CBC Flooring brings to market a range of resilient flooring brands focused on the commercial market, including Halo Floors, Toli, Salto, Indelval and Ceres. Toli, produced in Japan, offers sheet vinyl as well as a range of vinyl tile and plank products, while Halo specializes in LVT. Toli’s greenest product is probably LL300, with 38% recycled content, both post-consumer and post-industrial from the filler. Halo’s products, made in Taiwan, feature 13% post-industrial recycled content. 

Salto’s Unica is a VCT with 70% limestone content and a binder that is one-third post-consumer polymer, accounting for 10% of the total weight of the product. The Ceres brand features PVC-free resilient, including cork, recycled rubber, and polyolefin plank and sheet goods. Sequoia, the plank product, features 38% post-industrial recycled content, all in the backing. Wels Sheet and Sequoia are both FloorScore certified, and more certifications are pending in other brands. Halo’s products are also FloorScore certified. The firm’s Indelval brand offers a range of rubber products with high natural rubber and recycled content.

Ecore produces the largest offering of recycled rubber products in the U.S. market. Its newest EcoSurfaces Commercial Flooring line, the Studio Collection, is notable for its palette of contract colors in a range of neutrals. The new collection is likely to broaden the firm’s reach in the contract market, particularly in the higher education, corporate, hospitality and retail sectors. Ecore’s products are FloorScore certified.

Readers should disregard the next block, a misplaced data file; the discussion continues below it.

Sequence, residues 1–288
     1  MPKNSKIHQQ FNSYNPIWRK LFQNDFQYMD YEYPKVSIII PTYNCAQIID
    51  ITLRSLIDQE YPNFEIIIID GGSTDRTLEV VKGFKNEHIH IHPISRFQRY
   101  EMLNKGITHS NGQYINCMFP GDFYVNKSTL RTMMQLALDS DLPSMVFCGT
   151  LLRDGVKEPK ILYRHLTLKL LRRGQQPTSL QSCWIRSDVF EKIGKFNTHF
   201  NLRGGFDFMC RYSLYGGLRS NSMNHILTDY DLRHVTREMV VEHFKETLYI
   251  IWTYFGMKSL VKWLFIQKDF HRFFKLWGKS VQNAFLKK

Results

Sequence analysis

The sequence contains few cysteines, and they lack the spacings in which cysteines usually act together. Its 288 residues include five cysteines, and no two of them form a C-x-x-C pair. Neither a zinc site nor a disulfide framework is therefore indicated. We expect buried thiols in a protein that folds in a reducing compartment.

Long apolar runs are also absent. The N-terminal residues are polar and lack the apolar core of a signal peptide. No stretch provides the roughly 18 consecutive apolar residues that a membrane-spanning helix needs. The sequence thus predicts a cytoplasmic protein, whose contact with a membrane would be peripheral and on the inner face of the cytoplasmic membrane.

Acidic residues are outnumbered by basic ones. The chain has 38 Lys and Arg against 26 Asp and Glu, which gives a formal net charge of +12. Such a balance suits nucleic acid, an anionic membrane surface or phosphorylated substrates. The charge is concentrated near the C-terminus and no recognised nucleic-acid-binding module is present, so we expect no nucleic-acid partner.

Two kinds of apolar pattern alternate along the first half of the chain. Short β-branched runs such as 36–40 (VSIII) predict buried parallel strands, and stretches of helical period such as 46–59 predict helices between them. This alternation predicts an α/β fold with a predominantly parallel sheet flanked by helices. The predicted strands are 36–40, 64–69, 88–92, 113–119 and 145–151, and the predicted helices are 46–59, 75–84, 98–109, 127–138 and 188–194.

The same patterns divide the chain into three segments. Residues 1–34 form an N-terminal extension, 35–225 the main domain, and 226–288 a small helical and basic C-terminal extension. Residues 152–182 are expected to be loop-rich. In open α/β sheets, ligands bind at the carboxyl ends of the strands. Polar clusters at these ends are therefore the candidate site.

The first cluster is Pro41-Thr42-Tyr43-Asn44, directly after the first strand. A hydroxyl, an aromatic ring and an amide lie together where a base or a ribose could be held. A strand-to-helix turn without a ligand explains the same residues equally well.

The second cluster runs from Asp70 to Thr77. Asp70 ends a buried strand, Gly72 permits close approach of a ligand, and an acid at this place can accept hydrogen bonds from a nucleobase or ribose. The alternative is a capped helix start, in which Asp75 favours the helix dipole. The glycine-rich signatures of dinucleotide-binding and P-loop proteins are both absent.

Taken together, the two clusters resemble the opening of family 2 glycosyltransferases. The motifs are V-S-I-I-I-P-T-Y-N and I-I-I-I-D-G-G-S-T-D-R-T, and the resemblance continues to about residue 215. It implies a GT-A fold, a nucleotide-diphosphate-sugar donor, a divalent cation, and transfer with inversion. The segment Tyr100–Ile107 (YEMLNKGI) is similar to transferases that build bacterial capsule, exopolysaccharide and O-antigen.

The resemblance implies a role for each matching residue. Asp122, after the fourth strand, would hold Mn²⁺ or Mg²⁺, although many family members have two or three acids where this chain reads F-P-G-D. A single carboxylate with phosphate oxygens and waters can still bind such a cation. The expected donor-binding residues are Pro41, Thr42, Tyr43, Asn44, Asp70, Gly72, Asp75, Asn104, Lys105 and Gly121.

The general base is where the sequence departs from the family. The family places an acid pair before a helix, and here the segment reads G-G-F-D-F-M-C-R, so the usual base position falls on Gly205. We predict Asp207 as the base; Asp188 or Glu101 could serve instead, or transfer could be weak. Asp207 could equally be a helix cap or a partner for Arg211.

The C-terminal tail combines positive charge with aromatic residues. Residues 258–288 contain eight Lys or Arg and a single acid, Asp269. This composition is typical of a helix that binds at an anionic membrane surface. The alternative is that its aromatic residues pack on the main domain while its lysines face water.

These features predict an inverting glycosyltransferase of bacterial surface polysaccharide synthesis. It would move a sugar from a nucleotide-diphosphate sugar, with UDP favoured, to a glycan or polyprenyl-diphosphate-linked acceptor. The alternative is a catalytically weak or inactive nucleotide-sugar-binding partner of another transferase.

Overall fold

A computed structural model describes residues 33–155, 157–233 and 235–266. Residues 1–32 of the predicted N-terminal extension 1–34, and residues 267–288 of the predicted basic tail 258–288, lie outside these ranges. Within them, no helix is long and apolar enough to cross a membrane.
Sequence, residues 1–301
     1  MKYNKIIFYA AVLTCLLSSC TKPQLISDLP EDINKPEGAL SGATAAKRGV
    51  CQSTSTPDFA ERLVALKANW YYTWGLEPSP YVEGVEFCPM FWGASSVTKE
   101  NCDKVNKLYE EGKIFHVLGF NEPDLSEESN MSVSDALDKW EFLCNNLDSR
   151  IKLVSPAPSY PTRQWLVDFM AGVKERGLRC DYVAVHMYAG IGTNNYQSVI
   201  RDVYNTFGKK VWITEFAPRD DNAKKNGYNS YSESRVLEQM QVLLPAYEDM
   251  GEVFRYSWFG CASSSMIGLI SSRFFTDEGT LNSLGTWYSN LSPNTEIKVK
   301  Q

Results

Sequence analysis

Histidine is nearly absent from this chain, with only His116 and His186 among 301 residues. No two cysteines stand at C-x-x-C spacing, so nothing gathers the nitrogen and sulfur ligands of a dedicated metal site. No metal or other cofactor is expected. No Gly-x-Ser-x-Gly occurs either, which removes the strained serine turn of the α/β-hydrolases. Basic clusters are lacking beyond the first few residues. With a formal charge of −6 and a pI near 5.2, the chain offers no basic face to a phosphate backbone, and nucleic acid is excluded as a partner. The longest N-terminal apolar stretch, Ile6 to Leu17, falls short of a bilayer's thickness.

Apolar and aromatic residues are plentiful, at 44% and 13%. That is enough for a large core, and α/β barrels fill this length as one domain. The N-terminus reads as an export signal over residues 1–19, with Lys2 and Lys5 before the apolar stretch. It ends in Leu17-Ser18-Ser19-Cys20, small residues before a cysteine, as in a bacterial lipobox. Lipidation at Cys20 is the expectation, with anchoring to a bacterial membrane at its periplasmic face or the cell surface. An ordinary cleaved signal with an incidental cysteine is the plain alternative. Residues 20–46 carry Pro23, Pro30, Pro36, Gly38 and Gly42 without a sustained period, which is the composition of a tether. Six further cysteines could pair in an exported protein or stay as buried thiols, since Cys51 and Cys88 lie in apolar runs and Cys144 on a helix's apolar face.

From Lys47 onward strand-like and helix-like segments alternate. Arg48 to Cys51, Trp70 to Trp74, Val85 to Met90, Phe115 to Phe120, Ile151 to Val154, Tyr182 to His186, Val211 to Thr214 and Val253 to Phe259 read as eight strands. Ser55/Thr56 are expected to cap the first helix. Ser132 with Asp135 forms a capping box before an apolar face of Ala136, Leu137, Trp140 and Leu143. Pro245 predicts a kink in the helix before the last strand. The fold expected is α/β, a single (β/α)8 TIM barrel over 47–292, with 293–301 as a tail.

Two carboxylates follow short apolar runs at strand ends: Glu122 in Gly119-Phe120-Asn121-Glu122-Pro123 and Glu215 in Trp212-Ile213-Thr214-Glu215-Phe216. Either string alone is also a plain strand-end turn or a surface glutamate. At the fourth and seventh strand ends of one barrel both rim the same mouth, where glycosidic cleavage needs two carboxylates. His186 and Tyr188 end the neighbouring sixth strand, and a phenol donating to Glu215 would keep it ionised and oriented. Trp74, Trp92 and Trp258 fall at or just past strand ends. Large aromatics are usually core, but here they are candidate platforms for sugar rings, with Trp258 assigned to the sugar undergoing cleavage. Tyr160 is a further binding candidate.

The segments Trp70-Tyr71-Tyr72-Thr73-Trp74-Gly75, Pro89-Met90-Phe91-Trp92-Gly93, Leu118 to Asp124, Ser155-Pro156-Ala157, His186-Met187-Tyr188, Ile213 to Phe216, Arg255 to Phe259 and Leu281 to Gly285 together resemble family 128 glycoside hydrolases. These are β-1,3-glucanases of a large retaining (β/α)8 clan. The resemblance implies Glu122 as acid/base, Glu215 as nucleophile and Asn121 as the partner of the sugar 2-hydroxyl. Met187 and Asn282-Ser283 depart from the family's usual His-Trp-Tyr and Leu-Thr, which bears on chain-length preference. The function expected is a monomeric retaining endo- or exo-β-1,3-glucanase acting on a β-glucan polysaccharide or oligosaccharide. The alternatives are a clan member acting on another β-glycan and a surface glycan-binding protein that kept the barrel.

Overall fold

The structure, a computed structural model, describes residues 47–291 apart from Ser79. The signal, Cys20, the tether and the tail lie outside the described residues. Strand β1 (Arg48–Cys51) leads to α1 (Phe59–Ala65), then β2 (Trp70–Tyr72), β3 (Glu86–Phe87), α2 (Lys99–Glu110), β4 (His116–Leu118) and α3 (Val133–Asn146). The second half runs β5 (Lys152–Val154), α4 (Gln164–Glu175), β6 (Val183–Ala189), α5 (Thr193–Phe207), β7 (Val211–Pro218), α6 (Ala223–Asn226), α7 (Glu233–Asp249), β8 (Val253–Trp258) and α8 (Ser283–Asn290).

Ecore annually recycles more than 80 million pounds of scrap tire rubber—that’s 2,000 trailer loads that don’t go to landfills—which saves more than a million barrels of oil. The firm is also notable for its water conservation. According to the firm, it conserves more than 17.5 million gallons of water every year by manufacturing with a closed loop chilling system for recirculation.

In addition to recycled tire rubber, Ecore products are made from virgin EPDM (the colored flecks), and its Everlast products feature Nike Grind, which is material made from recycled sneakers through the Nike Reuse-A-Shoe program and Nike manufacturing scrap. Products like QT Sound Insulation and Eco98 are made of scrap tire rubber, reclaimed recycled rubber and, in Eco98’s wearlayer, recycled PET water bottles.

Copyright 2012 Floor Focus